The US Air Force has concluded that the short take-off vertical landing (STOVL) Lockheed Martin F-35B- model aircraft cannot generate enough sorties to meet its needs; therefore the service will not consider replacing the Fairchild Republic A-10 Warthog close air support jet with that variant.

Meanwhile, the USAF and the US Navy are hoping to more closely integrate their forces as part of the US Department of Defense's (DoD) new AirSea battle concept.

"The F-35B is well-suited to support of the Marine Air Ground Taskforce (MAGTF) in very austere locations," says USAF chief of staff Gen Norton Schwartz, speaking at an event hosted by the Brookings Institution in Washington, D.C. "But the reality is, is that scenario is not a high sortie generation scenario."

The USAF and the US Navy need greater sortie generation rates than the F-35B can provide, Schwartz says.

"What we think is needed is high sortie generation in order to provide persistence over the target and to engage the variety of targets that may exist," he says. "Not in a confined battlespace, but more on a theatre basis."


 ©Lockheed Martin

The F-35B is an interesting aircraft, Schwartz says. But while the USAF had at one time considered the variant as a potential replacement for the A-10, given the fiscal constraints the services faces and the need to generate more sorties, the USAF will not buy the F-35B, he says.

Retired Lt Gen George Trautman, a former US Marine Corps (USMC) deputy commandant for aviation, disputes Schwartz's assertion that the F-35B cannot generate as many sorties as the A or C model aircraft.

"The F35B has highest sortie generation rate among the three JSF [Joint Strike Fighter] variants," Trautman says. "There may be other reasons the air force doesn't want the B, but sortie rate isn't a factor."

In fact, the USMC's concept of operations depends on the STOVL variant generating more sorties more rapidly than other JSF models, says retired USMC Lt Gen Emerson Gardner, a former naval aviator.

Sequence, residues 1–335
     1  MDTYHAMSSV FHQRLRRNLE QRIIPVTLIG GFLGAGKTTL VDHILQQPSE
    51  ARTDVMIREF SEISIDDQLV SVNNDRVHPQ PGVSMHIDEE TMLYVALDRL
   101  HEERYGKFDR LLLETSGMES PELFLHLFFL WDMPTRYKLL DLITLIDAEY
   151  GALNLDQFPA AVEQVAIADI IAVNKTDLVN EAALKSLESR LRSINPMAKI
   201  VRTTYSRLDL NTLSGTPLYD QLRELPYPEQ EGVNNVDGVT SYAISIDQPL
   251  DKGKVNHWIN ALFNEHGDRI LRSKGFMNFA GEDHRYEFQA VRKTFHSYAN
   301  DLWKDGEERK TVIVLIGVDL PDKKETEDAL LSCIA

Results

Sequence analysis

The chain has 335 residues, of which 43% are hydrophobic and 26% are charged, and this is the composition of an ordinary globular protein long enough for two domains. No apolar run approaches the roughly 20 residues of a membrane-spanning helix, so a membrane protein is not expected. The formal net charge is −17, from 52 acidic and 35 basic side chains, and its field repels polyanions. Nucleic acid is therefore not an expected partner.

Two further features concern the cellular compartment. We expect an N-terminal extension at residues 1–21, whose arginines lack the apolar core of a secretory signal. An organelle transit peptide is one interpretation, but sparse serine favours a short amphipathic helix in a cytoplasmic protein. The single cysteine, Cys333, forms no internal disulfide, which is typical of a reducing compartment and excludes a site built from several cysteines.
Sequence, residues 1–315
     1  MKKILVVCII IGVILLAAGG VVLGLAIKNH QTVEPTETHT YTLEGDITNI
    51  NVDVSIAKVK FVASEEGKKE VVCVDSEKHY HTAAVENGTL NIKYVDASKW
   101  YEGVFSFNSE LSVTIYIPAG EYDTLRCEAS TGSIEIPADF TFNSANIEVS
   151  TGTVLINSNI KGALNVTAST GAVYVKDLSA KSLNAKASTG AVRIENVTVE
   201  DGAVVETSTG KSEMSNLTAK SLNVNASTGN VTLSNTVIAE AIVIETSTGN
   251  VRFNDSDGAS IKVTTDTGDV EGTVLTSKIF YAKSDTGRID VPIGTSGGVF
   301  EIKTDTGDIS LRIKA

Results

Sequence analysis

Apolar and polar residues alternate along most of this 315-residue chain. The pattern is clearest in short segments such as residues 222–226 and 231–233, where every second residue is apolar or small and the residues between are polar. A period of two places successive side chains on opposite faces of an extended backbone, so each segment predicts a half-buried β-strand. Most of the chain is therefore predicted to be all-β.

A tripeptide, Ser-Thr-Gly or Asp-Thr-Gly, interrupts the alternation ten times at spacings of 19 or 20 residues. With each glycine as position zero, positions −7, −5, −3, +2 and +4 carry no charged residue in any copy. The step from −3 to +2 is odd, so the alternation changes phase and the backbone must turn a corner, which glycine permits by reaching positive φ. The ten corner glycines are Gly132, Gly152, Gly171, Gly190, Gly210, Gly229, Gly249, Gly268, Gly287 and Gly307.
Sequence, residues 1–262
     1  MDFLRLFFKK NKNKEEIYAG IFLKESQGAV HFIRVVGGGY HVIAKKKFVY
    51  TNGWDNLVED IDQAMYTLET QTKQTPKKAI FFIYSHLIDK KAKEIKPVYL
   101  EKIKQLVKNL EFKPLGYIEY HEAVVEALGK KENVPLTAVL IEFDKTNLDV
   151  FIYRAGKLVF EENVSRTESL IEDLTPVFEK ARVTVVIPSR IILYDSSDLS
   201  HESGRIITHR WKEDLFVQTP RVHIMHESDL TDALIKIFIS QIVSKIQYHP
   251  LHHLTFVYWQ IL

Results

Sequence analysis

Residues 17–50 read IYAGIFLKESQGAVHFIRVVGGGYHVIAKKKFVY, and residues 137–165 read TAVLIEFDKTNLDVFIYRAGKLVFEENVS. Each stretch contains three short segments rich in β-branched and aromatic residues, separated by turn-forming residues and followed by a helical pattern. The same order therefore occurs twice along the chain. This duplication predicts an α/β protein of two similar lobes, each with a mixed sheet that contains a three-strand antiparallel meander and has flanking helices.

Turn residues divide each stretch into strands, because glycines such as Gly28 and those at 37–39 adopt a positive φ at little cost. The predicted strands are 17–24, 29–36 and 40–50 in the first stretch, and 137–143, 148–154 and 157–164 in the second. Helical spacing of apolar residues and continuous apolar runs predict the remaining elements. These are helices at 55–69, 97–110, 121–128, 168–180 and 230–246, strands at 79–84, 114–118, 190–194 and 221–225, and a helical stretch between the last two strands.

The key performance parameters (KPP) for the F-35 require higher sortie rates for the B-model at four sorties per day. The A and C models are only required to generate three sorties per day.

"So far in SDD [System Development and Demonstration], all three variants are on track to exceed their KPPs at the completion of SDD," Gardner says. "The B looks to come in at about six sorties per day, the A at about 3.5 and the C at close to four."

While USAF will not consider buying the F-35B, the service is fully committed to buying its own conventional take-off F-35A variant. Fighters like the stealthy F-35 are not in any danger of being replaced by unmanned combat aircraft anytime in the near future because those machines are not yet capable of flying in airspace protected by advanced integrated air defence systems.

"The reality is, is that at least in the current [generation], a remotely piloted aircraft cannot survive in contested airspace," Schwartz says.

Stealthy fifth-generation fighters, the Northrop Grumman B-2, the nascent USAF Long Range Strike Bomber (LRS-B), are critical capabilities for the US military to operate inside anti-access/area-denial (A2/AD) environments.

Those types of aircraft "will allow us to operate within contested airspace and assert our access," Schwartz says, "Which is the fundamental tenant of AirSea battle."

The DoD's new AirSea battle concept, while still integrating the USMC and US Army, is primarily driven by the USN and USAF. At its most basic level, the concept calls for the seamless integration of USN and USAF assets so that the two service's aircraft, ships, submarines and space assets all work together, says USN chief of naval operations Admiral Jonathan Greenert.

"Our links need to be similar," Greenert says, "Or minimally compatible."

Eventually, if everything goes according to the USAF and USN vision, a USAF Boeing E-3 Sentry or USN Northrop Grumman E-2D Hawkeye could seamlessly share a common picture with an Aegis cruiser and F-22 or Boeing F/A-18 at the same time.

The two services are already working on a next generation data-link to share all that information, Schwartz says. But for existing legacy platforms, there will need to be "gateways", like the Battlefield Airborne Communications Node (BACN).

But there is the danger of information overload. At the senior leadership level, the air or maritime joint component commanders might not need to know all of the detailed information that the other needs. Already, there might be too much extraneous data, Greenert says. In the future, that information will need to be filtered properly.

"I don't want to everything that the air component commander knows," he says. "We're already almost overloaded from that perspective we want to share what the...critical contacts of interest are cross domain."

Source: Flight International